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The Minneapolis City Council declared racism a public health emergency in the city Friday, vowing to allocate funding and other resources to “name, reverse, and repair the harm done” to people of color in the city.

The resolution was unanimously approved nearly two months after George Floyd, a Black man, was killed by Minneapolis police while in custody in south Minneapolis. Days after his death, Council Vice President Andrea Jenkins called on the council to define racism as a public health crisis.

During a committee meeting last week, Jenkins said Floyd’s killing, Black people’s vulnerability to the corona­virus and racial gaps in homeownership are issues that have “been deeply agreed upon that at the core is racism.”

“How do we begin to address and end racism?” Jenkins asked. “I think the first step in that process is through naming that as an issue.”

The resolution, sponsored by Jenkins and Council Member Phillipe Cunningham, listed multiple ways the city would work to reduce the impact of racism on its residents.

Its racial advisory committee would review the city charter and other policies. It would “establish a long-term sustainable source” of funding to increase developmental programming for youth of color.

It would also put together an annual report detailing the health of residents of color.

The resolution included recommended reforms to criminal justice and public safety, such as arresting people only for violent “and other major” crimes and dismissing cash bail.

It also directed future funding toward small businesses and housing to make land more affordable and “reverse and repair the harm experienced” by residents of color.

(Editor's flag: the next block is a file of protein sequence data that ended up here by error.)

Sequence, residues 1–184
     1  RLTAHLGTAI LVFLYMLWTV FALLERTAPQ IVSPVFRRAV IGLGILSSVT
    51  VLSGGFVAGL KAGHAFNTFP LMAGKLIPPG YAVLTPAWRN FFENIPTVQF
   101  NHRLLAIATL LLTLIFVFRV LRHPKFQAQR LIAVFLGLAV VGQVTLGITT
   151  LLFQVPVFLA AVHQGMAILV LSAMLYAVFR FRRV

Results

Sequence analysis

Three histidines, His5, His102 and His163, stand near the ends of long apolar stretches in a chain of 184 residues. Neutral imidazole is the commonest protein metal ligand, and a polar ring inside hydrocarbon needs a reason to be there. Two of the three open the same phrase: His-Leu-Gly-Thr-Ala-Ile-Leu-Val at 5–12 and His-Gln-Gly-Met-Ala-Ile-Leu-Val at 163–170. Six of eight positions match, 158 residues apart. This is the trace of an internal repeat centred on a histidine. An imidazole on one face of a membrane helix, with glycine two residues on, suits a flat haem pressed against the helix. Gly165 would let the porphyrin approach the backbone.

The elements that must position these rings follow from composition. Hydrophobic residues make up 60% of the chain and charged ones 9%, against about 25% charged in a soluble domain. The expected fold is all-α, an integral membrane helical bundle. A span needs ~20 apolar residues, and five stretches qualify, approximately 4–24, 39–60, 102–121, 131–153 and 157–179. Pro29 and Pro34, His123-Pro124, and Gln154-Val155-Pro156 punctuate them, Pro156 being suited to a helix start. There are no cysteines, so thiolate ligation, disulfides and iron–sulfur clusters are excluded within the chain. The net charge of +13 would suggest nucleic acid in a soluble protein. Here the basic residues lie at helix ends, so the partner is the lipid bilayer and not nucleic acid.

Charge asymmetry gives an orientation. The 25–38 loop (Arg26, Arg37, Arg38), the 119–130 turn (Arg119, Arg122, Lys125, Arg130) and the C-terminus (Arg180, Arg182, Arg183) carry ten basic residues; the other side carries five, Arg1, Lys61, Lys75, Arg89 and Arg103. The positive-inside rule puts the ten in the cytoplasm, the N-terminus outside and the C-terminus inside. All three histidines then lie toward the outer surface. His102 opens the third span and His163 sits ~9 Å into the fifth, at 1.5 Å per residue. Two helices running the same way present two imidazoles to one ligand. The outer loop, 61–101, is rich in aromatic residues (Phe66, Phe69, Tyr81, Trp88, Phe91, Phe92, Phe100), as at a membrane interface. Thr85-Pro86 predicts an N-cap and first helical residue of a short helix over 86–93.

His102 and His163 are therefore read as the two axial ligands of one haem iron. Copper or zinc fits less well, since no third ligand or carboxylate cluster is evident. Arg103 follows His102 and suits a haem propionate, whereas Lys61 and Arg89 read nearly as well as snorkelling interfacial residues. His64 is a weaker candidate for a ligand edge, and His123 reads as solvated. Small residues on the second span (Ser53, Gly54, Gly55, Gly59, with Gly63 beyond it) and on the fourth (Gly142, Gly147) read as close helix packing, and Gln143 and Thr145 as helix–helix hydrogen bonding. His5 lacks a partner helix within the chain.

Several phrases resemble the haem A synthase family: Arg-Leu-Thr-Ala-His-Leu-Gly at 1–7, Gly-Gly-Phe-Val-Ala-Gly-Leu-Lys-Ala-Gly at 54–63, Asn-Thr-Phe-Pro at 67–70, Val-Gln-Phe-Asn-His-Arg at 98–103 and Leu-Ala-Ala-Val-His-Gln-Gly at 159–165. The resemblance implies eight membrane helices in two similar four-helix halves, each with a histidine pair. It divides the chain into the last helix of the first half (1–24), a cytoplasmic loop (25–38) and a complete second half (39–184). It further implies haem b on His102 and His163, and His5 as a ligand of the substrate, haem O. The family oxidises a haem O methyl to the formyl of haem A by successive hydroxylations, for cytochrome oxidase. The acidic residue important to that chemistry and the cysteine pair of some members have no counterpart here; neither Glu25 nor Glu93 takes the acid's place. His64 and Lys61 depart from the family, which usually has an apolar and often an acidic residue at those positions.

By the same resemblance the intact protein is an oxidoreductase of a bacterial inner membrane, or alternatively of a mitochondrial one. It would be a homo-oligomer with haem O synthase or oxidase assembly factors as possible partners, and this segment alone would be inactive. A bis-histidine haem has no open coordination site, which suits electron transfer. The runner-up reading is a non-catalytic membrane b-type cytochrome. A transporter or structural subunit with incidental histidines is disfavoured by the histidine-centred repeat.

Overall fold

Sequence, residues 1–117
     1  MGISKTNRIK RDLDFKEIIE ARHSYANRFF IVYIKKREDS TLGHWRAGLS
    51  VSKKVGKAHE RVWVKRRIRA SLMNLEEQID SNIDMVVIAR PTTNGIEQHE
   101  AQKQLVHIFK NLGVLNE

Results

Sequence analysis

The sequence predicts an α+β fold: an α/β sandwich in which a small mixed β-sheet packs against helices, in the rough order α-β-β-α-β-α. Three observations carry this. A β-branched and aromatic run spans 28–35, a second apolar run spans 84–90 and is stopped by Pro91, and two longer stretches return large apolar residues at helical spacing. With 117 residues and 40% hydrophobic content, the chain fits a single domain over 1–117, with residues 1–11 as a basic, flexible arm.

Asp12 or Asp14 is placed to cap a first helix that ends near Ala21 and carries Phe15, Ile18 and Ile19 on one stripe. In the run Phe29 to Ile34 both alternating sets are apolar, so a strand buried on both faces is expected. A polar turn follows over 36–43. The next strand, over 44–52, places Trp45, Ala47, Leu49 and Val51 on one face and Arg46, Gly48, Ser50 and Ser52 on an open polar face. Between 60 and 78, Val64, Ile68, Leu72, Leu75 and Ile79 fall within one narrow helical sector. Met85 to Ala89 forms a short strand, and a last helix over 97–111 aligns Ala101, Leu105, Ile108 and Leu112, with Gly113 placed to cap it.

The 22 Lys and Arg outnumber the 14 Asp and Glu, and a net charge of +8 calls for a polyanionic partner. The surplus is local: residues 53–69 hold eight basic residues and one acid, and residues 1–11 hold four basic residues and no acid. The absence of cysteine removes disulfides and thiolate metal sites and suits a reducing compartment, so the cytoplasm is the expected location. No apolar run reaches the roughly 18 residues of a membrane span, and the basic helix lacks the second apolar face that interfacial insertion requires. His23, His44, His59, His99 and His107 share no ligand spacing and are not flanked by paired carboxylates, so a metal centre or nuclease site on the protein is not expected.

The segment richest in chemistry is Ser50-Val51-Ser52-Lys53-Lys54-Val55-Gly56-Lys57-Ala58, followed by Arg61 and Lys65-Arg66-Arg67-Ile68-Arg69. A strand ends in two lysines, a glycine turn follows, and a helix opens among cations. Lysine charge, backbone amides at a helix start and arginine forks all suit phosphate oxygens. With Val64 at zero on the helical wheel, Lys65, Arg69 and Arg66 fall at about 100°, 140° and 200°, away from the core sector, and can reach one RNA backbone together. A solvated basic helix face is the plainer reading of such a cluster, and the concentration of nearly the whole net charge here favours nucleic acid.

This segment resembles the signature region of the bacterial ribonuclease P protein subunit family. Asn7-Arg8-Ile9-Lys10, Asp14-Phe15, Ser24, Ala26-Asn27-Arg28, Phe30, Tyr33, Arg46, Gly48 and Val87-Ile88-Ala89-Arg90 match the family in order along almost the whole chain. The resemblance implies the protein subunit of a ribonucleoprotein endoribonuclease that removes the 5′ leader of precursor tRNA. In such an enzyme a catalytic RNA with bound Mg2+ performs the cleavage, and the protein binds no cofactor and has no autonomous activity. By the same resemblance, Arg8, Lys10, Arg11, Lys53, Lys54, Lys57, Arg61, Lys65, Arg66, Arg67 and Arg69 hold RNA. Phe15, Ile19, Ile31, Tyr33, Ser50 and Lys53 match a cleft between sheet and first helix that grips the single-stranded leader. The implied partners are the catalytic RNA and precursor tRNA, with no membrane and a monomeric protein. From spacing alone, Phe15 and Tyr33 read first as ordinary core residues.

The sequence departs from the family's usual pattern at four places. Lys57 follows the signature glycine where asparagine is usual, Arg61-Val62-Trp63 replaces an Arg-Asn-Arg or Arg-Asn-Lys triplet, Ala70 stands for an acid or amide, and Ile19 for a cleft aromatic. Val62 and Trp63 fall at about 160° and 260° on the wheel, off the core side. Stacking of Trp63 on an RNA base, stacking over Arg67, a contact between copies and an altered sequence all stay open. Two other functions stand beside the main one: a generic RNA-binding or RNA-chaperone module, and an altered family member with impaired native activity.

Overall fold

“Systemic racism is among the greatest long-term threats our city and nation are facing, and the last two months have made that reality painfully clear,” Mayor Jacob Frey said in a statement. “For Minneapolis to be a place where everyone can live and thrive, we must recognize this crisis for what it is and approach policymaking with the urgency it deserves.”

Disparities between white and Black residents in Minnesota are stark, according to a 2019 Star Tribune analysis of U.S. census data.

Black people in the state have higher rates of poverty and unemployment and lower rates of homeownership.

About 60% of use-of-force incidents by Minneapolis police since 2008 were against Black people, even though they only make up about 20% of the city, a Star Tribune analysis found. State data have shown that Black residents and other people of color run disproportionate risks related to the coronavirus, including death and hospitalization.

“We have to specifically name racism if we are ever going to move from standing in awe of the consequences of racial disparities to actually conquering and eliminating them,” Cunningham said last week.

The city’s declaration Friday came on the heels of a similar resolution enacted by a divided Hennepin County Board late last month.

That resolution, sponsored by Commissioners Angela Conley and Irene Fernando, included several directives to reduce racial disparities in housing, health care, education and other sectors.

Miguel Otárola • 612-673-4753